What’s in a logo ?
Logo design has certainly moved on over the past few years. A logo used to be a crest like image, with tiny details that you can barely see when printed on stationery or viewing from far away. Some of the most successful brands around the world have iconic logos, and more so an iconic icon. You see a yellow ‘M’ and you know its McDonalds, an apple (with a bite out of it) you know as Apple, a tick.. and you know it’s Nike.
A modern day logo should be simple, memorable, versatile and appropriate.
Here are some different types of logo explained
These are acronyms. If your business has a few words to its name, or perhaps you are in partnership with another person or business, you may wish to use a lettermark to give your brand a modern identity. Think of H&M, IBM and VAIO. These have all adopted the acronym of their full business name and implemented it as a memorable logo.
Similar to this is where a logo is a (sometimes) colourful but basically is a memorable display of a businesses full name. Think of Google, Disney or Virgin. These are all memorable and are instantly recognisable without even reading them.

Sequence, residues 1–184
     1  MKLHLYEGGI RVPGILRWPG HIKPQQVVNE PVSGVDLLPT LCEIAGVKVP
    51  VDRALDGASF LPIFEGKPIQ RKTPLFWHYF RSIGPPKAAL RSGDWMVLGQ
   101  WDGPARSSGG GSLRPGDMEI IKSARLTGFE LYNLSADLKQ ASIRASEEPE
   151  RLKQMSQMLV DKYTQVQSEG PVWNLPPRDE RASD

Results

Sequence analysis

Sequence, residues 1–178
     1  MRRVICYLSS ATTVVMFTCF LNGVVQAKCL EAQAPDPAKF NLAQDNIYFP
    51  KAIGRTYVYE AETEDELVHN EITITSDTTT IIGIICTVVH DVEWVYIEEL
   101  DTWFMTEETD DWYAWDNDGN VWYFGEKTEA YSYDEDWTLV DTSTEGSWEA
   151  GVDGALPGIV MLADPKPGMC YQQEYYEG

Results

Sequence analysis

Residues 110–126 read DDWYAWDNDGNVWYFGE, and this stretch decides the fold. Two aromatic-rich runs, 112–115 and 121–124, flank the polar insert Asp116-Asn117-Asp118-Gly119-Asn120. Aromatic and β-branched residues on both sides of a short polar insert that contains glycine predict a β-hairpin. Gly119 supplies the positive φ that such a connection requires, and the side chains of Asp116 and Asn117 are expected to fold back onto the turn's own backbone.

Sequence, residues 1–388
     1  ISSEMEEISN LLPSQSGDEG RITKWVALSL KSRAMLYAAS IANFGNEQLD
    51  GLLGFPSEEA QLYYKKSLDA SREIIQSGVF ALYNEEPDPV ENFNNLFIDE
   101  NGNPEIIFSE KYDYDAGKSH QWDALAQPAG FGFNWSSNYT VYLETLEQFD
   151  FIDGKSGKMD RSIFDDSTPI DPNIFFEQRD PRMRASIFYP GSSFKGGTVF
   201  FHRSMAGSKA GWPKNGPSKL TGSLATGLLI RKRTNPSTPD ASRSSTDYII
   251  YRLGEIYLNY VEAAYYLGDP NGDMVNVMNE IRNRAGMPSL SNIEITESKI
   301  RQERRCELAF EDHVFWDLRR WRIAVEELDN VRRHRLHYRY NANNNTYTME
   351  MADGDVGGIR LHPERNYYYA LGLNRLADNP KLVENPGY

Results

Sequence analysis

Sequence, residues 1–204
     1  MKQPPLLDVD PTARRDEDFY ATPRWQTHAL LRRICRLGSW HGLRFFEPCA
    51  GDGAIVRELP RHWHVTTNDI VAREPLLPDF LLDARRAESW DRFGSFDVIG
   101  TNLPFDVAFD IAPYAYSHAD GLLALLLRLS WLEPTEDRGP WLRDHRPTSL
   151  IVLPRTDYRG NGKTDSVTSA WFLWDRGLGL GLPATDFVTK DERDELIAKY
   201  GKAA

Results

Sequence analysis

Here you have an identifiable image that can be associated with your business. A brilliant example of this is Twitter, which has adopted a bird which represents the ‘tweets’ that people send on its social platform. Apple, with its.. well apple. Shell with its shell. These are instantly recognisable and these businesses now don’t even present their name with the icon.
The above three types of logo are versatile since they can be recognised from distance and are easily transferable on small scale print items or large format. Colour can be adapted depending on what backdrop they have. Businesses will often have a dark & light version of their logo.
You may also consider a mascot on your logo. Perhaps the Colonel with KFC or the Michelin man. These brands are instantly recognisable by their mascot and they have adopted it into their logo.
Less common these days, but perhaps one of the most recognisable examples of an emblem logo today is Starbucks, or Harley Davidson. These are usually very historic traditional emblems that have been integrated into a business for many years. Not many businesses will adopt this style of logo today.
Finally, there is no logo-law (!) and you may find businesses adopt a combination of these styles, and break them up depending on which format they are advertising. A business brand evolves and so will its logo with it. You should always be mindful of your businesses public appearance and how it can be improved.